Gig Review by Ryan Beardsley with Photography by Anna Poole

Fresh from the release of his latest composition; Seven Days Walking: Day One which incidentally, became the fastest-streamed classical album of all time in its first week of release, Ludovico Einaudi embarked upon the Union Chapel in Islington where a packed house was waiting to welcome him with open arms.

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Before the show began, a request was made for phones to remain in their respective bags and pockets; music to my ears as it meant no distracting glares of light or flash photography. As a result, the ambience and the atmosphere were not punctured, save for a small number of naughty amateur photographers, booooo! Accompanied by Federico Mecozzi on violin and Redi Hasa on cello, Einaudi takes his seat at the ivories and the performance begins.

A slight disclaimer, Classical isn’t exactly what I would call my area of musical expertise although I am a huge fan. I’m certainly not in a position to critique musicianship, obviously, there are no lyrics to decipher and the evening is less a performance than a recital. So, with this in mind, I’ll be speaking from the heart…

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Throughout the show I was moved, genuinely moved. Most of the compositions performed were from his most recent release, including Low Mist Var. 1 and A Sense of Symmetry but some old favourites were sprinkled in as well, notably, Fuori Dal Mondo, known to many as the theme from This Is England. When the familiar keys were played, it was as though all those in the church were holding their breath, not wishing to utter a sound and run the risk of destabilising the ambience. Breathtaking.

The aura of the man himself was undeniable and watching him majestically wave his fingers over the keys at unfathomable speeds only made the music all the more impressive. And what better place to enjoy the experience than the Union Chapel, an intimate working church where the acoustics were impressive enough, but the gothic structure and minimalist stage setting were also perfect for the performance, enhancing the haunting quality of the compositions.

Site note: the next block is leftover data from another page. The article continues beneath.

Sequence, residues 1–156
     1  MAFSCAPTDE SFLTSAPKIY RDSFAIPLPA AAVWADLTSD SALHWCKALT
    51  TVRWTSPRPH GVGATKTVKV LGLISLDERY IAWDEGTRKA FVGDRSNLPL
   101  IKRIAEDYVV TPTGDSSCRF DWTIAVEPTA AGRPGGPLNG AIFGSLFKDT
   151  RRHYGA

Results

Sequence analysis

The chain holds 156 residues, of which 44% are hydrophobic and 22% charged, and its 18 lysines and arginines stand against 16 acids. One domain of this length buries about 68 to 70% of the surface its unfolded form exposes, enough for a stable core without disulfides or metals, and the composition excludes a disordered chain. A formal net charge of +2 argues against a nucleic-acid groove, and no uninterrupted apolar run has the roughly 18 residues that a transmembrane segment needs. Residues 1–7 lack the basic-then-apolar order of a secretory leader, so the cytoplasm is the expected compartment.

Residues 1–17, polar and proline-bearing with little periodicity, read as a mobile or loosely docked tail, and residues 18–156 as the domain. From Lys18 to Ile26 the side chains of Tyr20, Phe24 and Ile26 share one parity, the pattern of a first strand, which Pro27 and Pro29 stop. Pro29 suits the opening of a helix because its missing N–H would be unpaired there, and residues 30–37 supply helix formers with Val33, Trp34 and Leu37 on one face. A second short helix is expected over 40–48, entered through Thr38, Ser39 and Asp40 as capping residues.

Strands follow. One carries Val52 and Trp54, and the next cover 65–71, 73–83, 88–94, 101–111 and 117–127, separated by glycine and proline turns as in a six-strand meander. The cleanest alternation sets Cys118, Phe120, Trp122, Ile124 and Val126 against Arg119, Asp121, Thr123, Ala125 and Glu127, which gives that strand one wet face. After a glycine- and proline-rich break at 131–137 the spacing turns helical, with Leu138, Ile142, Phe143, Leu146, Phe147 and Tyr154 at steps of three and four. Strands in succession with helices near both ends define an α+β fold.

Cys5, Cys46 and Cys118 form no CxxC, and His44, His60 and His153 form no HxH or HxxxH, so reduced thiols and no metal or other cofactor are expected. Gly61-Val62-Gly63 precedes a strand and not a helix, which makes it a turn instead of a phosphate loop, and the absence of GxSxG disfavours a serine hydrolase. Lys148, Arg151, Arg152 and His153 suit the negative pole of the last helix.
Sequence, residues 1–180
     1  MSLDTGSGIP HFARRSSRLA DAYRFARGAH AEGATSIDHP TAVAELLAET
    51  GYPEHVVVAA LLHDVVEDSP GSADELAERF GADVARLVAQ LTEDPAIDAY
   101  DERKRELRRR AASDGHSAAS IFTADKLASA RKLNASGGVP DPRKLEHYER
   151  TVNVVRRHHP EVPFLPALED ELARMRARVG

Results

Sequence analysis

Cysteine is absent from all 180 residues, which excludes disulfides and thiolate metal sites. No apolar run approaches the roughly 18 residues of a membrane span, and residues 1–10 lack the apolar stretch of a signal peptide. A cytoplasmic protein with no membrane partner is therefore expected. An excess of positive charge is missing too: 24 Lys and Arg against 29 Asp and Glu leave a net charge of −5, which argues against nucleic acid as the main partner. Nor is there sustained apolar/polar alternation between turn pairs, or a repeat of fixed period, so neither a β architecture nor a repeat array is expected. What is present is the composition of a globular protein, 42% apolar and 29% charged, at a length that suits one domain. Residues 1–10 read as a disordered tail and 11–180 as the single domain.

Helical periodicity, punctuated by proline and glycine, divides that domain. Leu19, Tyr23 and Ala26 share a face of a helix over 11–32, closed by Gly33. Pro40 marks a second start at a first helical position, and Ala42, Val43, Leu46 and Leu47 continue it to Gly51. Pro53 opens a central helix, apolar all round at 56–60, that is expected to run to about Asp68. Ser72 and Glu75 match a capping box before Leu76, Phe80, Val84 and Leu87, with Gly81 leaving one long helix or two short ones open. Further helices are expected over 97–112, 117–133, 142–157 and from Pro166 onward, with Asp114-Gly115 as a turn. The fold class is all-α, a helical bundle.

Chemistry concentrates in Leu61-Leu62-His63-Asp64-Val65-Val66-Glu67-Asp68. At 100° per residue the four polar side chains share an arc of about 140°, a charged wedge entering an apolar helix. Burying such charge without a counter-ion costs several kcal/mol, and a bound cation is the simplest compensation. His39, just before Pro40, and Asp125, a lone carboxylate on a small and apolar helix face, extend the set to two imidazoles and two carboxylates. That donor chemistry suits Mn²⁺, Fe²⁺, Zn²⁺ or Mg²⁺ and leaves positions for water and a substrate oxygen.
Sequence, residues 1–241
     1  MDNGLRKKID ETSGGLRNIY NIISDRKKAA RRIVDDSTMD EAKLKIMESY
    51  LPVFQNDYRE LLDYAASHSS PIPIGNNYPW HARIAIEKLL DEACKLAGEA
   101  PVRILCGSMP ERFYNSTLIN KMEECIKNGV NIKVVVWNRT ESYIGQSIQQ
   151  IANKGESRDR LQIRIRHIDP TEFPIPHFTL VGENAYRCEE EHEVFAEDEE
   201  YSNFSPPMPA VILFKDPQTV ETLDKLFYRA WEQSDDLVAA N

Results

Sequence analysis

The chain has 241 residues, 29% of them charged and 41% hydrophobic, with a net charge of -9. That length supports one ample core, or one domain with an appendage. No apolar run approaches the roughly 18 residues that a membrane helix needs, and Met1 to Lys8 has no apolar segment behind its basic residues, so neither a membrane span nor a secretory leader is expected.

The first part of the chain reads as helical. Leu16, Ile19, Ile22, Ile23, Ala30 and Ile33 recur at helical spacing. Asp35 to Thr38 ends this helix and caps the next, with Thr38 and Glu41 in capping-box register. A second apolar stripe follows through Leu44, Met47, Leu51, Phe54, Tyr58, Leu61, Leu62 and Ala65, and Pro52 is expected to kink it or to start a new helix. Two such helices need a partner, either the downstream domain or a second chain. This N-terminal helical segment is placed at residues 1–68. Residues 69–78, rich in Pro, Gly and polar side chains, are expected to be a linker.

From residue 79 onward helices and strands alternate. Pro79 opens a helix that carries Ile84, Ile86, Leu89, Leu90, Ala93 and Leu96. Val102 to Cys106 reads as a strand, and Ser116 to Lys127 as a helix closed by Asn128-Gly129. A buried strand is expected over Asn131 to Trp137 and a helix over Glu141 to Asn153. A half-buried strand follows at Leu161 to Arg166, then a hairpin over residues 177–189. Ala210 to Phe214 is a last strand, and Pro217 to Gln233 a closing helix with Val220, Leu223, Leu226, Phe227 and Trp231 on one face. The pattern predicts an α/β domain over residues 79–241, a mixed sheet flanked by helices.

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After an hour, it seemed as though the magic over all too soon, but then I didn’t know that encores were also performed at classical concerts…

The Maestro made his way back onstage, solo this time for a spine-tingling rendition of Nuvole Bianche which once again rendered the audience as hushed statues in their pews. For one final treat, Mecozzi and Hasa returned to the stage for expected set closer Experience, which was predictably the highlight of the evening. The music is already incredibly powerful and emotionally resonant, but in the surroundings of the Union Chapel is suitably akin to a religious experience for those in attendance.

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A richly deserved standing ovation is provided and the Italian appears genuinely humbled and moved by the crowd response, perhaps another reason for why is he so overwhelmingly popular. Eunaudi has clearly crossed the boundaries between composer and audience in a new way for Classical music, reflected in the way his music has clearly resonated with such a diverse crowd.

Perhaps the perfect example of this is illustrated in the shape of one of my childhood friends. This individual had no instrumental experience or anything other than a passing interest in Classical music until he discovered Einaudi. Once he had, he began teaching himself to play the piano and it is truly humbling to see him go from strength to strength. Surely that kind of inspiration is what music is all about?

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Einaudi is returning to London in the Summer with a host of shows at the Barbican, now I just have to make sure I am there to see him again, I strongly suggest you do the same.

In a word, magnificent.

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